Currently they are developing the platform for monitoring liver metastases, he said. "If a colorectal cancer patient comes in, you resect the colon, and then we use [the published method] for monitoring liver metastases over time. The same thing with pancreatic cancer patients. That's one specific direction we're going with the strategy."

Another angle Kwong and his colleagues are pursuing is adapting the method to an immunoassay readout by including in the molecules' reporter region agents to which antibodies can bind.

That, he noted, would allow for wider access to the technique, among, for instance, hospital labs without access to high-end mass spectrometry equipment.

It might also make it possible to move the method into the home testing market, packaging it in a format similar to home pregnancy tests, Kwong said.

"All those are is essentially printed antibodies on a piece of paper," he said. "So we're designing [printed antibodies] to interface with our synthetic biomarkers so that we can sample urine and be able to tell if a patient has cancer or another type of disease."

Kwong added that the inexpensiveness of such a format might also make it amenable to use in resource-constrained countries for purposes like infectious disease testing.

In the Nature Biotechnology paper, the researchers maxed out at ten synthetic peptides. They have since upped that number to 20, Kwong said, and could, in theory, generate larger libraries.

Larger numbers would likely be necessary for more nuanced analyses, he said. "If we want to look at, say, breast cancer versus prostate cancer versus something else closely related, I'm guessing we would need to start on the order of around 50 candidate peptides that we could then boil down to a 10-element signature that could be very specific."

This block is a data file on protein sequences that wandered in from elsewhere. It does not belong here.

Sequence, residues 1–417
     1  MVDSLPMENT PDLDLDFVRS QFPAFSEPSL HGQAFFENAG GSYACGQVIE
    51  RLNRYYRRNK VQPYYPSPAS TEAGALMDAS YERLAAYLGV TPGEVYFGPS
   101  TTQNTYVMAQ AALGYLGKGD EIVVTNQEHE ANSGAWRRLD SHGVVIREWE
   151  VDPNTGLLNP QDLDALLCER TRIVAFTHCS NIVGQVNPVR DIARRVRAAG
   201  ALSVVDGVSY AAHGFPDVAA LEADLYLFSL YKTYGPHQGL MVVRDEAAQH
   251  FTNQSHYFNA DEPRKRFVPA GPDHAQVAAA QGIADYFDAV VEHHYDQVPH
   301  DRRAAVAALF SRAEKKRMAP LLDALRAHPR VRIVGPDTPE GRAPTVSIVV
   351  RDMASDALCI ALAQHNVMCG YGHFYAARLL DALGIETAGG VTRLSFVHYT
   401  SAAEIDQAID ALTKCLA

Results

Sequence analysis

The team is also gathering data on the kinds of protease activity linked to various disease states – key knowledge for determining what peptide constructs to use to detect a given disorder.

"We're working closely [with colleagues] at MIT who have developed a proteomic method… to collect human tumors and do mass spec analysis of the matrix molecules," Kwong said. "And they have been able to provide us with lists of proteases that are upregulated in [specific disease] samples."

Another key to the process is the continued development of nanoparticle-based targeting techniques. In the recent study, the researchers took advantage of the liver's natural porousness to target their peptides to the organ, but, Kwong said, work is underway on targeting methods for other organs.

"For instance," he said, "if you design nanoparticles that are positively charged, they tend to accumulate in the lungs."

Another possible method, Kwong noted, is targeting particles to organ-specific integrins – transmembrane receptors that help cells attach to surrounding tissue. "So there are a variety of different ways to target different organs," he said.

The iron oxide nanoworms used in the Nature Biotechnology study are straightforward to make and fairly well established from a regulatory perspective, Kwong said, with US Food and Drug Administration-approved formulations and GMP guidelines in place. "I don't think synthesizing them on a large scale for testing in humans is an issue," he said.

What could prove an issue, however, are the peptides themselves. As Kwong noted, the technique uses panels of different peptides, each of which could be required by FDA to undergo safety studies.

"So instead of doing one safety study on a 10-mer batch, we [might] have to do a safety study on each individual peptide we're using," he said.

The researchers have filed two patents on the method, one covering the use of nanomaterials and the sampling of peptide degradation products in urine and the other on the mass encoding used in their reporter tags, Kwong said, adding that they would likely file additional patents as their research into the method progresses.